Vitamin B may be readily consumed via B-complex supplements, although it is also present in a wide range of foods which means that it can be easily incorporated into the everyday diet. Sources include poultry, fish, dairy and dark leafy greens.  

4. Foods that are high in antioxidants  

Due to its high metabolic load and high levels of oxidisable material, the brain is highly vulnerable to oxidative damage. Foods that are high in antioxidants, hence, have positive effects on brain function.  

Research from Surrey University revealed that participants who consumed a blueberry smoothie helped maintain levels of concentration and performance five hours later. In comparison, those who consumed a smoothie with the same amount of sugars and calories without blueberries saw a decline in mental power.  

Blueberries, strawberries, and raspberries contain flavonoids that stimulate blood and oxygen flow to the brain. Consuming these foods as a midday snack is thereby a great way to prevent the afternoon slump.  

5. Stay hydrated  


Headaches experienced by working professionals may be attributed to fatigue or stress, but it may also be due to a lack of water consumption. Dehydration headaches occur as a result of the shrinkage in brain volume, triggering pain when the brain pulls away from the skull.  

The impact of dehydration on mental performance was uncovered by researchers from the University of East London, where participants who quenched their thirst with a pint of water had reaction times 14% faster on mental tasks than those who did not have a drink.  

However, drinking water is not the only way to address dehydration. Foods such as grapefruit, watermelon, lettuce and cucumber have over 90% water content, and also contain essential nutrients and electrolytes for optimal brain functioning.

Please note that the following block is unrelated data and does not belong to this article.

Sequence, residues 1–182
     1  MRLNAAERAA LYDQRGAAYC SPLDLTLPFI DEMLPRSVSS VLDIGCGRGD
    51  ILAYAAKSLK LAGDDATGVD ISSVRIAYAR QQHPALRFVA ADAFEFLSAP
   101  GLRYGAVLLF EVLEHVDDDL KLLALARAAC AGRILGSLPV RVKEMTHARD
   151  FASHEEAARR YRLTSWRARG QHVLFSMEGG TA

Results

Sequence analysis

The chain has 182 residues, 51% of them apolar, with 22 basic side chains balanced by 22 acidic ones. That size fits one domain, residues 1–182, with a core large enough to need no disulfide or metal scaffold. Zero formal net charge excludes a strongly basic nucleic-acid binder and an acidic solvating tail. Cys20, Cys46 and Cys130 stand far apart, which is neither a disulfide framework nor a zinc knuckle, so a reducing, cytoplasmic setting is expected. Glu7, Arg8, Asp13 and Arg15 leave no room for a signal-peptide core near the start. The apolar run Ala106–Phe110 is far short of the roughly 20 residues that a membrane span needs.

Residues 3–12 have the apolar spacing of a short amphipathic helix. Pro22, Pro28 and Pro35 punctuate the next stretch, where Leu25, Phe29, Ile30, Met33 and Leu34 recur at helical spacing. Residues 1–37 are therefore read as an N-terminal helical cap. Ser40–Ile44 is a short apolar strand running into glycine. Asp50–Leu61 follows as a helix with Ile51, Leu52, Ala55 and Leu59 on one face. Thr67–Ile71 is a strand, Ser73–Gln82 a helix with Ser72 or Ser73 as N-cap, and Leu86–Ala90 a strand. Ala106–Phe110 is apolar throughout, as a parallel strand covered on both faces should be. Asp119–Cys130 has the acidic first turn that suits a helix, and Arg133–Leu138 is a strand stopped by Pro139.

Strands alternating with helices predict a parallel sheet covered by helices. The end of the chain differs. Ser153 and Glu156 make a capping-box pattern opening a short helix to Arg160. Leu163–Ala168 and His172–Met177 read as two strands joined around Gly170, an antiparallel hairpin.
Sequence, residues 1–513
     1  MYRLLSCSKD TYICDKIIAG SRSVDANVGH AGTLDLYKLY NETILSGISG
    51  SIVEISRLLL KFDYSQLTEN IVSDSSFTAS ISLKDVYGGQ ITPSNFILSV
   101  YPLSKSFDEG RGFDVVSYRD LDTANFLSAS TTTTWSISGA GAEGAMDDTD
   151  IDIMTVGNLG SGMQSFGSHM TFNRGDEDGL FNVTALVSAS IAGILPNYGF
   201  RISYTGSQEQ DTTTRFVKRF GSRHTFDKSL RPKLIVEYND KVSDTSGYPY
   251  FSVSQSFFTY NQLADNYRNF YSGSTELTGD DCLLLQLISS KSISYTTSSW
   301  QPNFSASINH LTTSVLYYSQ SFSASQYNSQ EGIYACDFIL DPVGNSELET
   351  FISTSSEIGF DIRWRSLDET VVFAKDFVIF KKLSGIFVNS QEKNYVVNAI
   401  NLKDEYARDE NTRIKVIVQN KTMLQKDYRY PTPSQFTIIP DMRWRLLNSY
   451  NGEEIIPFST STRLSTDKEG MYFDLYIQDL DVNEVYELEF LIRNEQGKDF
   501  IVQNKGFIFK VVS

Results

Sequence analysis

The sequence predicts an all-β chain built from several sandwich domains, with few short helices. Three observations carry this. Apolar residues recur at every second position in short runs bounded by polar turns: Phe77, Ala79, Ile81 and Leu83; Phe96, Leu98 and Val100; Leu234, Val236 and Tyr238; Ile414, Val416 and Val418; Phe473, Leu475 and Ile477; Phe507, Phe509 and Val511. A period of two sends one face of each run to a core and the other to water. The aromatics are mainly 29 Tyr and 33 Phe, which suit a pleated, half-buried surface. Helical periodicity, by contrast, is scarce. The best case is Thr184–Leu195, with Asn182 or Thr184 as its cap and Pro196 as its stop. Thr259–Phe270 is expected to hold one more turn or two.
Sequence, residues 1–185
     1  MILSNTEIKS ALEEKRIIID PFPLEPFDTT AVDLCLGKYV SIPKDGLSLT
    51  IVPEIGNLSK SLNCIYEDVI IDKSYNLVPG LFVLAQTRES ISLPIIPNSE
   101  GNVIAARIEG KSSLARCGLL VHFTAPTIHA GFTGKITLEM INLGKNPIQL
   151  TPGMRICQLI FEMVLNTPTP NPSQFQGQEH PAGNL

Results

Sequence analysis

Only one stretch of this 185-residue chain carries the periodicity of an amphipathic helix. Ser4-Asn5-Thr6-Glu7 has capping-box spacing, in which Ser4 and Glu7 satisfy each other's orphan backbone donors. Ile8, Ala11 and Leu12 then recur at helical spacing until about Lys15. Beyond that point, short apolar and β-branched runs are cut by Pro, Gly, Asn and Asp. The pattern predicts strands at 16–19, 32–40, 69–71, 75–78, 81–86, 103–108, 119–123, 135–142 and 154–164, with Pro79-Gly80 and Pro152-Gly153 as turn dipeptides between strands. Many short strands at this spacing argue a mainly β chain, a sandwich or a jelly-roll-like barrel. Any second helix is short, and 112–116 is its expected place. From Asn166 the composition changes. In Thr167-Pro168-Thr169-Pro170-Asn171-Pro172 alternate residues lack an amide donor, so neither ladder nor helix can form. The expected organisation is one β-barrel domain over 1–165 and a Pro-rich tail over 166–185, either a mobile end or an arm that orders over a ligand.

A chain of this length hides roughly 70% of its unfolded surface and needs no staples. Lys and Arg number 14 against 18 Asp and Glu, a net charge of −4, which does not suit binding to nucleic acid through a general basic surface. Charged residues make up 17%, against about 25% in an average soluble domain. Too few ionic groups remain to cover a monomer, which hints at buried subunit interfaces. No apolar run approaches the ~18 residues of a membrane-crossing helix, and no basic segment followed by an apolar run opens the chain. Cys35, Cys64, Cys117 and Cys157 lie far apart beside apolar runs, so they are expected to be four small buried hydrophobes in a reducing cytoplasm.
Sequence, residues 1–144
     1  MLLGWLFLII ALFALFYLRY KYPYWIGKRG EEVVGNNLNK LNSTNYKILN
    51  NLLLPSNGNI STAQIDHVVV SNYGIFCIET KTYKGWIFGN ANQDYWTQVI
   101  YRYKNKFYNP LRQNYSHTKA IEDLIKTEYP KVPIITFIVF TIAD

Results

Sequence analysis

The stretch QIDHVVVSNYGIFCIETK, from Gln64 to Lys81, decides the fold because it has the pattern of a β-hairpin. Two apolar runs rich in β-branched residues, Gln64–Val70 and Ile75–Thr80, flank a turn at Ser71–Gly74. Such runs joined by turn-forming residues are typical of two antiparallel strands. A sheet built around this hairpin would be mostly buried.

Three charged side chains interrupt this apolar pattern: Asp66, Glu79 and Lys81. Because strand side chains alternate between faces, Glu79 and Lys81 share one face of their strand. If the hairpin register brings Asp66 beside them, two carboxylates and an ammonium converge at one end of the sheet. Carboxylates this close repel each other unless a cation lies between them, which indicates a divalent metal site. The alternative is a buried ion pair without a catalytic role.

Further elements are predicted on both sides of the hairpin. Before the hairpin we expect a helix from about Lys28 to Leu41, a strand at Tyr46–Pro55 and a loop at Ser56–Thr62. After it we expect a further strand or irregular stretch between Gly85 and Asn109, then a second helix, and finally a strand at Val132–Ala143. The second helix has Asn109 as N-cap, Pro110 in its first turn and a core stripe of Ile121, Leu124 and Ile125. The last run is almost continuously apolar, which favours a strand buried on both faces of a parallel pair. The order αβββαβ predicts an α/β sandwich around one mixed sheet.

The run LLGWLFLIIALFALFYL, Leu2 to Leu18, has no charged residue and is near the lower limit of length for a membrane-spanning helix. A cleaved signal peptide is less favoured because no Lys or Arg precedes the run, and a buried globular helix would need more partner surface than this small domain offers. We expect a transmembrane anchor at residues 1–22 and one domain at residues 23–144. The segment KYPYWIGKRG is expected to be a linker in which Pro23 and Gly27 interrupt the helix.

A great way to combine the benefits of these foods and water would be to prepare flavour-packed infused water. MIMS
 
Read more:
Singapore study links diet high in saturated fats to greater risk of colorectal cancer
11 healthy diet habits debunked
5 more common mistakes to avoid sabotaging a healthy diet  

Sources:
http://www.asiaone.com/health/why-food-makes-better-medicine-drugs
http://www.webmd.com/vitamins-supplements/ingredientmono-980-coffee.aspx?activeingredientid=980
https://www.otsuka.co.jp/en/health_illness/dekiru/eikyou/
https://www.betterhealth.vic.gov.au/health/healthyliving/carbohydrates-and-the-glycaemic-index
https://www.sciencedaily.com/releases/2010/11/101108151346.htm
http://articles.mercola.com/sites/articles/archive/2016/03/17/vitamin-b-brain-health.aspx
http://www.umm.edu/health/medical/altmed/supplement/vitamin-b6-pyridoxine
https://www.ncbi.nlm.nih.gov/pmc/articles/PMC2805706/
http://www.dailymail.co.uk/health/article-1212579/A-bowl-blueberries-day-keeps-brain-active-afternoon.html
http://universityhealthnews.com/daily/pain/dehydration-headache/
http://www.telegraph.co.uk/news/science/science-news/10183227/Thirsty-work-drinking-water-can-improve-reaction-times.html
http://www.active.com/nutrition/articles/6-best-hydrating-foods-for-athletes